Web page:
In his first film role not under the direction of Waters, Divine re-united with his Polyester co-star Tab Hunter for Lust in the Dust, a satirical Western pitting Divine against Lainie Kazan. Divine introduced the original song “These Lips Were Made for Kissin’” and received good reviews.

Growing more and more leery of being typecast in female roles, Divine sought out male parts including that of gay gangster Hilly Blue in the 1985 film Trouble in Mind. Divine received mixed reviews for his performance but his next film, 1988′s Hairspray, saw him win widespread critical acclaim for his dual roles as Edna Turnblad and racist television station owner Alvin Hodgepile. Tragically, just three weeks after the release of Hairspray Divine died in Los Angeles while preparing for a role on the sitcom Married… with Children. He was 42.

Charles Pierce

Although he eschewed the term “drag queen” (he preferred to be known as a “male actress”), Charles Pierce was internationally famous for his impersonations of many of the “drag pantheon” including Bette Davis, Joan Crawford, Katharine Hepburn and Carol Channing, as well as an uncanny Joan Collins that some said was more like Joan than Joan herself. Often asked why he didn’t incorporate more recent actresses into his act, Pierce would usually snort derisively and point out the dearth of modern actresses worth impersonating. He would variously cite Phoebe Cates, Jill Clayburgh, Molly Ringwald and Tori Spelling as evidence and you must admit, he had a point.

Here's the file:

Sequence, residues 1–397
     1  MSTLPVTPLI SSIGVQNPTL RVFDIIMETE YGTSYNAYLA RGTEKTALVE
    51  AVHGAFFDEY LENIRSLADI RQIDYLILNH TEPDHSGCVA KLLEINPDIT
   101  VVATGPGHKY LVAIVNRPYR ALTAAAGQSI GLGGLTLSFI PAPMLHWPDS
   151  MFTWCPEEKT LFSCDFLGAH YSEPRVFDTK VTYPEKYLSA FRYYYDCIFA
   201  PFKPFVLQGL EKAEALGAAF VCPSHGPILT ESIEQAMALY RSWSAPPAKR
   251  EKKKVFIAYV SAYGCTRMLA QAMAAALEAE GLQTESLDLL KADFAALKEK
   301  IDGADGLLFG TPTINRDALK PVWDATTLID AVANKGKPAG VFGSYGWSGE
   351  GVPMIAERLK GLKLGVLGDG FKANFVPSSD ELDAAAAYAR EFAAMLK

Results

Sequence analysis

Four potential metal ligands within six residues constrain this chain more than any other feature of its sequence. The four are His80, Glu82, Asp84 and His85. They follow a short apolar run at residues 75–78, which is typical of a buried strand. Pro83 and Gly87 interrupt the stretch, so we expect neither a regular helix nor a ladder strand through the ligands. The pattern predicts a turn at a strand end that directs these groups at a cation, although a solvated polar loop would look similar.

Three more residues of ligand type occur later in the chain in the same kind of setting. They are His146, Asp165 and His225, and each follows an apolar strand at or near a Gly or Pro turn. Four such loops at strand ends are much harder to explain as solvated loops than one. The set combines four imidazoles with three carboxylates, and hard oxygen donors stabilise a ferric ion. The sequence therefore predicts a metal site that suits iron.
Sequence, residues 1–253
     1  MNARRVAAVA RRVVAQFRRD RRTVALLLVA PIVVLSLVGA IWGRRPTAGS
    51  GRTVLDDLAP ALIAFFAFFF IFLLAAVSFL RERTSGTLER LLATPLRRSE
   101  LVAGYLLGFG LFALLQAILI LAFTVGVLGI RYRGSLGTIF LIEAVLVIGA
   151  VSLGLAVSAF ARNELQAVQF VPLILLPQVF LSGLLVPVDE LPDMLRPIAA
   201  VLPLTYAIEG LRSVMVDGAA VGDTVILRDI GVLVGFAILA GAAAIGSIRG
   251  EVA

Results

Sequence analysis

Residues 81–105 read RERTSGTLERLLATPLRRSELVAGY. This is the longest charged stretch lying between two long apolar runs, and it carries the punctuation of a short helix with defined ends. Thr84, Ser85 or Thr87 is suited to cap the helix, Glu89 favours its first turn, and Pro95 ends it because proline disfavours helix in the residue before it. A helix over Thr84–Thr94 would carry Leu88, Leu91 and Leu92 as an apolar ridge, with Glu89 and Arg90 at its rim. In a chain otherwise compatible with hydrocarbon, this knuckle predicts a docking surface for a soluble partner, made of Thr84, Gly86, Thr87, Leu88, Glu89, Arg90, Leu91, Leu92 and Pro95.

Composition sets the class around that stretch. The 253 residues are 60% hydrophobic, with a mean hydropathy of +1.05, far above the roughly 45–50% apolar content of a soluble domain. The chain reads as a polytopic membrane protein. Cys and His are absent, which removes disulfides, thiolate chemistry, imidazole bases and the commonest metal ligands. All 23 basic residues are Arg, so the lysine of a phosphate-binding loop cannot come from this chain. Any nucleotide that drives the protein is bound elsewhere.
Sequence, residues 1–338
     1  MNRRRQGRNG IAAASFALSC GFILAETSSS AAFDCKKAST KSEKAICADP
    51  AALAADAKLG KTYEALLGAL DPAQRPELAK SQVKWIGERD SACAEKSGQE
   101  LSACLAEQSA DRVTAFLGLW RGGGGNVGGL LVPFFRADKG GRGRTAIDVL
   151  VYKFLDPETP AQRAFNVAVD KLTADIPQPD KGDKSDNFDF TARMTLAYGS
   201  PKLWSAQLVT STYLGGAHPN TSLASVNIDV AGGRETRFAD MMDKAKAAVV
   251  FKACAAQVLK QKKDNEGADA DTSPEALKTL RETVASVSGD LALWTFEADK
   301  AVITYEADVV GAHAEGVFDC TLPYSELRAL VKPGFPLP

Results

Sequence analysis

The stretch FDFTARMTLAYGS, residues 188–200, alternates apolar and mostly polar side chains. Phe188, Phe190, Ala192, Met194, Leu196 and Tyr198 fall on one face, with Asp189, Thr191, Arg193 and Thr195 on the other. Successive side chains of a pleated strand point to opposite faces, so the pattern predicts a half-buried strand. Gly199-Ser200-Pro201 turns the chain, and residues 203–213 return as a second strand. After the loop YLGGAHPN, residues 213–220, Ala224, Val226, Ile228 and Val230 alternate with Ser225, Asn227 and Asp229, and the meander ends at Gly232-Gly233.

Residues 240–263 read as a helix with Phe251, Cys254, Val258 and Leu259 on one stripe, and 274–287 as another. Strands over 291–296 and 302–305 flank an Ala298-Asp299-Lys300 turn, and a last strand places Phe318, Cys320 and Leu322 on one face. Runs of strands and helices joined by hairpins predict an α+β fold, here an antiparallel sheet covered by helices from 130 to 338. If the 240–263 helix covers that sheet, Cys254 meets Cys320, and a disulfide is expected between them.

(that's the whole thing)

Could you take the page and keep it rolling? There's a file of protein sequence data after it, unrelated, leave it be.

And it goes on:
Regardless, Pierce’s stable of impersonations allowed him to build a renowned career on stage, screen and television, including appearances in everything from Love, American Style to Torch Song Trilogy. Most impressively, he appeared in both a 1978 episode of Wonder Woman and a 1987 episode of Designing Women. Who else can say they co-starred with Lynda Carter and Dixie Carter?

José Sarria